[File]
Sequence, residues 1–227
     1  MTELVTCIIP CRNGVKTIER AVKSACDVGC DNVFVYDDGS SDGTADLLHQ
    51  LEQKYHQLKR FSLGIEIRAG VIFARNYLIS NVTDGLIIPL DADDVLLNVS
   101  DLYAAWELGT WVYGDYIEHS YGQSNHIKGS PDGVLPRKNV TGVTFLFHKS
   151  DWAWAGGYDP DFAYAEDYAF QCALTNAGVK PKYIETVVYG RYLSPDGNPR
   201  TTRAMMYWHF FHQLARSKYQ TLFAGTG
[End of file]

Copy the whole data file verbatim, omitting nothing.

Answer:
Sequence, residues 1–227
     1  MTELVTCIIP CRNGVKTIER AVKSACDVGC DNVFVYDDGS SDGTADLLHQ
    51  LEQKYHQLKR FSLGIEIRAG VIFARNYLIS NVTDGLIIPL DADDVLLNVS
   101  DLYAAWELGT WVYGDYIEHS YGQSNHIKGS PDGVLPRKNV TGVTFLFHKS
   151  DWAWAGGYDP DFAYAEDYAF QCALTNAGVK PKYIETVVYG RYLSPDGNPR
   201  TTRAMMYWHF FHQLARSKYQ TLFAGTG